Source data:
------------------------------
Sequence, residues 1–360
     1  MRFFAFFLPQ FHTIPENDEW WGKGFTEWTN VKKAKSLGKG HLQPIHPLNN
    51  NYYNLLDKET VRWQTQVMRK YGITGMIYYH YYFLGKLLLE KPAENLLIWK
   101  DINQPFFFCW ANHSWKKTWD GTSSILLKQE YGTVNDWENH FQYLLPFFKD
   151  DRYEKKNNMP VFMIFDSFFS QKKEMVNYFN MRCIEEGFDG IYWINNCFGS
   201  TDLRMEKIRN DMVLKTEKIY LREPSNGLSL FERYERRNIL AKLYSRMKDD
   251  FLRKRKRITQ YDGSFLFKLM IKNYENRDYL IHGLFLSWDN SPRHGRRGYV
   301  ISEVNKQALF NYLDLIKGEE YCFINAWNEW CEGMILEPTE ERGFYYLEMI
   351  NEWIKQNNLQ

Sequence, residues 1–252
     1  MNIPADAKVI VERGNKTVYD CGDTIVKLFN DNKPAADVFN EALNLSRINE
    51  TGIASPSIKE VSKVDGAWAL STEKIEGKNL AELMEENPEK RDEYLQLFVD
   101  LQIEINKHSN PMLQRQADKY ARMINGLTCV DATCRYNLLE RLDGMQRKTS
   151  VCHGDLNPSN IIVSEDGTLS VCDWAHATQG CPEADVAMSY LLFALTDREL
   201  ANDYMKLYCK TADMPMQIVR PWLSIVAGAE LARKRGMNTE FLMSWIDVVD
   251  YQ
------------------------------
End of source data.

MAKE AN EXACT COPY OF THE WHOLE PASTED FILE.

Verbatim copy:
Sequence, residues 1–360
     1  MRFFAFFLPQ FHTIPENDEW WGKGFTEWTN VKKAKSLGKG HLQPIHPLNN
    51  NYYNLLDKET VRWQTQVMRK YGITGMIYYH YYFLGKLLLE KPAENLLIWK
   101  DINQPFFFCW ANHSWKKTWD GTSSILLKQE YGTVNDWENH FQYLLPFFKD
   151  DRYEKKNNMP VFMIFDSFFS QKKEMVNYFN MRCIEEGFDG IYWINNCFGS
   201  TDLRMEKIRN DMVLKTEKIY LREPSNGLSL FERYERRNIL AKLYSRMKDD
   251  FLRKRKRITQ YDGSFLFKLM IKNYENRDYL IHGLFLSWDN SPRHGRRGYV
   301  ISEVNKQALF NYLDLIKGEE YCFINAWNEW CEGMILEPTE ERGFYYLEMI
   351  NEWIKQNNLQ

Sequence, residues 1–252
     1  MNIPADAKVI VERGNKTVYD CGDTIVKLFN DNKPAADVFN EALNLSRINE
    51  TGIASPSIKE VSKVDGAWAL STEKIEGKNL AELMEENPEK RDEYLQLFVD
   101  LQIEINKHSN PMLQRQADKY ARMINGLTCV DATCRYNLLE RLDGMQRKTS
   151  VCHGDLNPSN IIVSEDGTLS VCDWAHATQG CPEADVAMSY LLFALTDREL
   201  ANDYMKLYCK TADMPMQIVR PWLSIVAGAE LARKRGMNTE FLMSWIDVVD
   251  YQ